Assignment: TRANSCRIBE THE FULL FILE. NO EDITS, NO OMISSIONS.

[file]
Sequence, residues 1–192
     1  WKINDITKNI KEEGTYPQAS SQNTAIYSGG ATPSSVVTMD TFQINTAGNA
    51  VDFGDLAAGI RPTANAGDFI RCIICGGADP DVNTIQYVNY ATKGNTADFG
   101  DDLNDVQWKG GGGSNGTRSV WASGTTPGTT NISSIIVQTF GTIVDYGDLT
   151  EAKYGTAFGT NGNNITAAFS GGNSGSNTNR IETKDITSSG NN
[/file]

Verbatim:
Sequence, residues 1–192
     1  WKINDITKNI KEEGTYPQAS SQNTAIYSGG ATPSSVVTMD TFQINTAGNA
    51  VDFGDLAAGI RPTANAGDFI RCIICGGADP DVNTIQYVNY ATKGNTADFG
   101  DDLNDVQWKG GGGSNGTRSV WASGTTPGTT NISSIIVQTF GTIVDYGDLT
   151  EAKYGTAFGT NGNNITAAFS GGNSGSNTNR IETKDITSSG NN